Thursday, July 16, 2009

Elizabeth Daly, brainless ghostwriter, on remittances

Carping against remittances is brainless
July 16, 2009 | By Christopher | Filed Under Letters

Dear Editor,
It is distasteful to see people like Gerhard Ramsaroop and others writing against a financial source for development; and I am still trying to comprehend their reasoning behind their hypercritical writings. Gerhard Ramsaroop and others are comparing remittances with other financial sources for developing countries; instead, they should try and see remittances as a complementary financial source.
It is impossible to ignore the positives remittances offer to the development of poor nations like Guyana. The reality is that, developing countries depend on remittances as one financial source, especially for the benefit of their people, and also the spin offs from the multiplier effects are important.

We must note that remittances are not the only financial source for developing countries, since we also depend on other important sources, such as Foreign Direct Investment (FDI) and official development assistance. Remittances should be viewed as another branch on the tree of financial sources complementing the other financial branches with the objective to produce ripe financial fruits. The multiplier effect of remittances should be promoted and any negative spin on the positives of remittances is obtuse. Today, nitpickers are trying to contend that remittances only benefit pro-government people; I must say, this thinking has reached the peak of ignorance.
Remittances have been claimed as not being critical towards the development of Guyana. It is obvious that this flawed rationale for remittances, which are seen as competing with other financial avenues; instead, it must be seen as a complementing financial source working together with the other sources to achieve long-term growth and development for the country. Remittances are more stable than private capital flows and in the recipient country it is less affected by economic cycles.

When people spend remittances on basic needs, retail sales are boosted, which will lead to an increase in demand for more goods and services, which in turn will fuel output and unemployment. Remittances should be seen as a tool used to balance the inequalities caused by the decline in output experienced by developing countries, loss of trade opportunities and emigration.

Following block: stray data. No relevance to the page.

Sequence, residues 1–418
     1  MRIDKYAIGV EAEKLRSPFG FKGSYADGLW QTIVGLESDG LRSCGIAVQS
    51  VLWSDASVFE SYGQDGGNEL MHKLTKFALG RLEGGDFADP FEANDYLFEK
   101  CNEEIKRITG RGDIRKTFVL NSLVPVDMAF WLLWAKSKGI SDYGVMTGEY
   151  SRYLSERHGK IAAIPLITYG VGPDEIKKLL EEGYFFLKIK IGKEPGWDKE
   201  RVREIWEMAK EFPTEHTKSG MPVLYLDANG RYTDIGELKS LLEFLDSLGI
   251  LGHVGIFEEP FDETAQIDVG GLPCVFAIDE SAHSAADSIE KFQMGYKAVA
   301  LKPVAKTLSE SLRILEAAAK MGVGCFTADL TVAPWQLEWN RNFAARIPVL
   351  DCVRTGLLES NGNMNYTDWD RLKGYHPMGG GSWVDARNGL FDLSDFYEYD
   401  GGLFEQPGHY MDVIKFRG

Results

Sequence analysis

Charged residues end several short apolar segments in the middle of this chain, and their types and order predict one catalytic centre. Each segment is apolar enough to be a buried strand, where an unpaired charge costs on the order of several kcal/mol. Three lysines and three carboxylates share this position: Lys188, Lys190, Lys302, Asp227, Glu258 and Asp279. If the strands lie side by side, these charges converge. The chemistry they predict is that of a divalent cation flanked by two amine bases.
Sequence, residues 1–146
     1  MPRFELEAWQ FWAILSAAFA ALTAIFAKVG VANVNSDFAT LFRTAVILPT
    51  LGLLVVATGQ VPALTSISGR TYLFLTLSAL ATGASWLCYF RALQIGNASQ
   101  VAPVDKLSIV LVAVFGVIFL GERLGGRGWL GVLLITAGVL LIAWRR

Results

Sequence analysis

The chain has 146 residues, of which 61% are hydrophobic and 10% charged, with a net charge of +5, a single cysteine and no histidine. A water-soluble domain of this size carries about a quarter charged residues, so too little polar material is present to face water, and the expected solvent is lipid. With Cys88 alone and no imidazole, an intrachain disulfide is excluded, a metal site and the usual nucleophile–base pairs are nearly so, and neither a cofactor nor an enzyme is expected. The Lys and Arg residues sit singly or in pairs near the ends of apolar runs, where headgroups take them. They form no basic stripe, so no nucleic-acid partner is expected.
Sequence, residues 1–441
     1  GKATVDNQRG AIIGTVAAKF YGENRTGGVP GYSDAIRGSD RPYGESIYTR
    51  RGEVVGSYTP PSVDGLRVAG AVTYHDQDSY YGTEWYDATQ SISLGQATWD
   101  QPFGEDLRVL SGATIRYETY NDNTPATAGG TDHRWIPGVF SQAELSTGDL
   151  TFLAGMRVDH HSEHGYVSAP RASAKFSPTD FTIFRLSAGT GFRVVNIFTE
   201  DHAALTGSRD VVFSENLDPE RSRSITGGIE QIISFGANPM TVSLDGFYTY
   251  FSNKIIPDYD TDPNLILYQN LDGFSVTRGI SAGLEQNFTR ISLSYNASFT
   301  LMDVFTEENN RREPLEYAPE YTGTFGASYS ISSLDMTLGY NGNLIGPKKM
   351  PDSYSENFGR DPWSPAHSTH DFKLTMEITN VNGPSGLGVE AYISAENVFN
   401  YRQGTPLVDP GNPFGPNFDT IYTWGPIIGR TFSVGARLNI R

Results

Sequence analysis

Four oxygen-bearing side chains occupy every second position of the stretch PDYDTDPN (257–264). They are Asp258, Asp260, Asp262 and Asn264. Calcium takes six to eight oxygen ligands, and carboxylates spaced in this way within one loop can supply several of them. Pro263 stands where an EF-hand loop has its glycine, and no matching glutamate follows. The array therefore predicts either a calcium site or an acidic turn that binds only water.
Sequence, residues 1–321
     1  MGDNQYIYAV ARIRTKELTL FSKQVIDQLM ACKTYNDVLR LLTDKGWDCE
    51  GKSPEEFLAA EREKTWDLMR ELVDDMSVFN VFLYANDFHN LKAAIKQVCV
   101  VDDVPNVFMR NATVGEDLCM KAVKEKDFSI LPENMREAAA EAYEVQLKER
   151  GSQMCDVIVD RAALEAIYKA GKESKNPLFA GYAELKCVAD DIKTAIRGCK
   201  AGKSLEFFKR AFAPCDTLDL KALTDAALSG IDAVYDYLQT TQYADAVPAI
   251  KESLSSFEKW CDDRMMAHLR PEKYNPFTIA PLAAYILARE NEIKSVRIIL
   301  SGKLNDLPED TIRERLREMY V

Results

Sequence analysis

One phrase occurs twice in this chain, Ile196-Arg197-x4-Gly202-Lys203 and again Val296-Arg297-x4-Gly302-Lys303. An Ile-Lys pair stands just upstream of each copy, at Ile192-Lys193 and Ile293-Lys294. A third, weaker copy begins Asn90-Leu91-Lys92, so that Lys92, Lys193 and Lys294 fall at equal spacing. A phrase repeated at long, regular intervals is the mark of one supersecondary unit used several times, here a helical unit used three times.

These nitpickers who shun their light against remittances deliberately fail to acknowledge the positives of remittances to the developing world. In 2005, the Caribbean recorded a total of US$6.4 billion making remittances the second largest source of foreign finance for the region after private capital flows.
Remittances can boost a country’s Gross National Product (GNP) and can assist by reducing the shortage of foreign exchange, counterbalancing the balance of payments (BOP) deficits. The positive outcomes of remittances on production, inflation and imports will depend on how they are spent and invested.

Migrant remittances are a very stable financial source for developing countries and even though they might not be as important as FDIs, they do however, surpass the amount of FDIs received, development assistance, and capital market flows. And remittances are beginning in countries like India, China, Jamaica, etc., to be perceived as a long-term development tool; and some of the more relatively recent recipients of remittances, like Guyana, St. Vincent and the Grenadines, are restructuring aspects of their financial system to make remittances more attractive to donors in the Diaspora; and this would include creating banking incentives that would be mutually attractive to both donors and recipients.
Remittances help to reduce poverty, level consumption, create jobs, provide working capital, etc. It also affords people living in developing country to invest in human capital, such as, education, health and better nutrition. Remittances are fast becoming a development tool for long-term development.
Elizabeth Daly

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